Reply
 
Thread Tools Search this Thread
 
Old 08 August 2004, 04:48   #31
TIM
Member
 
Country: Ireland
Town: Dublin
Boat name: WIZARD
Make: REDBAY 7.4
Length: 7m +
Engine: OPTI 225
Join Date: Aug 2002
Posts: 417
I tow all the time....

Everything from, j24's (From Italy to Ireland) to sand, gravel, plant and machinery....

3 simple rules

1. With twin axles, keep the load even on the wheels, ie ajust your tow hitch or load. One way to check, if you cant tell buy looking at the trailer, is drive a couple of miles and feel the tyre walls, the warmer one has the greatest load ... they should be even temp.

2. wheel bearings . drive a couple of miles, stop and check the hubs buy feeling them, if they are warm its OK, But not any warmer that luke warm. If they are hotter than luke warm keep an eye on them.... and if the wheel close to the hub is warm too, you will have a problem... Ie the wheel is acting as a radiator, and sheeding the heat from the hub, you think everything is fine, while the bearings are cooking. Also Watch you speed, if you tow at 40 and everything is fine , if you increase it to 50 , everything can rapidaly go down hill, so keep you speed constant and dont push it, after a couple of tows you will get to know you trailer and what is right and wrong .When on a long tow check for heat in tyre walls (uneven weight distrabution, or lower air pressure) and Hub heat and wheel heat... you will be fine.

3. GREASE. bearing only get hot for two reasions, overloaded or no grease in them.... fill them full of grease all the time and you wont have a problem, I have seen people drill and tap in a grease nipple in the nut cap of the hub so they can easly pump in the grease untill it comes out the back ,to save the bearings.... just keep them loaded with grease, it not a nice job but its got be done, and dont over tighten the hub nut!!!!!

Sorry for the long post
__________________

__________________
NOT THE SHARPEST KNIFE IN THE DRAWER
TIM is offline   Reply With Quote
Old 08 August 2004, 06:29   #32
Member
 
Country: UK - England
Town: Birmingham
Make: Avon
Length: 5.5
Engine: Mercury 75
Join Date: May 2004
Posts: 41
Send a message via MSN to Andy Beach
Bearing Savers

Quote:
Originally Posted by rads
The other style of hub has two separate taper roller bearings, and it is easier to replace these bearings, though they should be lubricated regularly (after every immersion) to try to minimise internal corrosion. Bearing savers are highly recommended with this type of bearing.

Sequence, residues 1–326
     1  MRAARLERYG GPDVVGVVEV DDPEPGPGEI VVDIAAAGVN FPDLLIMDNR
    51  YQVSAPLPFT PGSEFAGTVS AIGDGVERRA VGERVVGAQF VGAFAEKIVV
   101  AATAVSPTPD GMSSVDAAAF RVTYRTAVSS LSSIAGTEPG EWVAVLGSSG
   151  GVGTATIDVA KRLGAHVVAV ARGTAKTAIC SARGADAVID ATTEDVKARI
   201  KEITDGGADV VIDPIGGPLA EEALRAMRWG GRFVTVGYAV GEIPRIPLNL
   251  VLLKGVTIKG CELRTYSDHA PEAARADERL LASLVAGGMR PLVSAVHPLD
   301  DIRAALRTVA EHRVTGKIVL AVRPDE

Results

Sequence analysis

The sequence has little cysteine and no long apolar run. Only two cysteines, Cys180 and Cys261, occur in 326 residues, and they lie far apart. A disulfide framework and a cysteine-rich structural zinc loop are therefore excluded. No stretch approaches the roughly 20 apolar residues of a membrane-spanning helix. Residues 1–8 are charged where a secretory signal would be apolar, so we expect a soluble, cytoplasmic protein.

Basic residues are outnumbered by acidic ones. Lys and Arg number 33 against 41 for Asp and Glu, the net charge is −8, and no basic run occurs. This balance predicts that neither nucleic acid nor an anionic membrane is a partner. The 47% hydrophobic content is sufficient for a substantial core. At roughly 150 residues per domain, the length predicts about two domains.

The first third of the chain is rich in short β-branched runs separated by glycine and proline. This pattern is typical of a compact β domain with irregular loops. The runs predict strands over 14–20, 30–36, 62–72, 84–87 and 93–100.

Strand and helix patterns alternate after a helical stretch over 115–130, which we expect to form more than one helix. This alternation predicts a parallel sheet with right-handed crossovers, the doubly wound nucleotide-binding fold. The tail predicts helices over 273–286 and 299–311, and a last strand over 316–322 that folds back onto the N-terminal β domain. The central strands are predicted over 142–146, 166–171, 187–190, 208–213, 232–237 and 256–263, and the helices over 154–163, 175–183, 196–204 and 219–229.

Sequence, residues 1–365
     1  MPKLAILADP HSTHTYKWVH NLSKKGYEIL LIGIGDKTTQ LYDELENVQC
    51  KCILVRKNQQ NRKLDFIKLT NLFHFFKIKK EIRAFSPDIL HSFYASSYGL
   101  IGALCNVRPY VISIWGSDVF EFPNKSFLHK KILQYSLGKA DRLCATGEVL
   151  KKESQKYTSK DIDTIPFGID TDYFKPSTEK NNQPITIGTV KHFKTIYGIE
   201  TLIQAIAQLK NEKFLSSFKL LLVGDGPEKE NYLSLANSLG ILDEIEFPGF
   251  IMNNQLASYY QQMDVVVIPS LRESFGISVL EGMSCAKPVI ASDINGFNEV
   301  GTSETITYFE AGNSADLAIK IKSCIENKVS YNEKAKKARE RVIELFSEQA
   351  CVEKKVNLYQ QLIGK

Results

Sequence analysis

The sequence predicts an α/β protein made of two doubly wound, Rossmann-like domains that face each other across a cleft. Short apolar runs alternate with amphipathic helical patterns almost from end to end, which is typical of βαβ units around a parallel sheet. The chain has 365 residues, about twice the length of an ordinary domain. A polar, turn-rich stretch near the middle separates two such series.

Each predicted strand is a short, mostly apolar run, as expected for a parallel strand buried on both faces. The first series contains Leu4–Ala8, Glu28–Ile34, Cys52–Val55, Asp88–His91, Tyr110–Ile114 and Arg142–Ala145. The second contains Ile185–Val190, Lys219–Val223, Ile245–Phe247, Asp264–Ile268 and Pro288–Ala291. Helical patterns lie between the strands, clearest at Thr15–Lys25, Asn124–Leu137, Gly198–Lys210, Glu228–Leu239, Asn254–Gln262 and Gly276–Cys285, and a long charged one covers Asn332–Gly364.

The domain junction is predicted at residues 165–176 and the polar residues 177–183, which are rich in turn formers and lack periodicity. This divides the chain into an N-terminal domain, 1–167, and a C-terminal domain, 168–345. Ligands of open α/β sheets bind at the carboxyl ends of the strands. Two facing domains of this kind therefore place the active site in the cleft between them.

Are 'Bearing Savers' the same as 'Bearing Buddies' I've heard mentioned (spring loaded bearing caps that gently force grease into the hub)?? Can anyone give me details of where I can get them??

Thanks

Andy Beach
__________________

__________________
Andy Beach is offline   Reply With Quote
Old 07 December 2004, 04:11   #33
Member
 
Pete7's Avatar
 
Country: UK - England
Town: Gosport
Boat name: April Lass
Make: Moody 31
Length: 9m +
Join Date: Aug 2001
Posts: 4,850
Thought I would keep this thread on the boil after crawling along the M27 in the middle of the night with with a very hot Alko bearing from Weymouth to Pompey The problem? well an alko sealed bearing and hub that can't be removed. Bent the socket set T bar, broke the ratchet and shattered a 36mm socket trying. Gave up, winched 2 tonnes of Pacific 22 off the trailer instead because it was easier. Used a pully block attached to the rear of the trailer and a rope from the boats painter through the block and back to the trailer winch. Boat moved surpsingly easily.

Spoke to RM, the trailer manufacturers who said sealed bearings were excellent for boat trailers never give any problems so following this useful piece of advice I took the wheel off (4 wheel trailer) and towed the trailer up to De Graaff in Chobham. Arthur De Graaff said they never fit sealed bearings to boat trailers, they are totally unsuitable as the seals are designed to keep dust out not salt water. At last someone who knows what they are talking about. Two new axles later at a very good price, I now have hubs and bearings that I can take apart and check myself without needing a hydraulic press or a 6 foot scafolding bar. Came fitted with "bearing savers" too.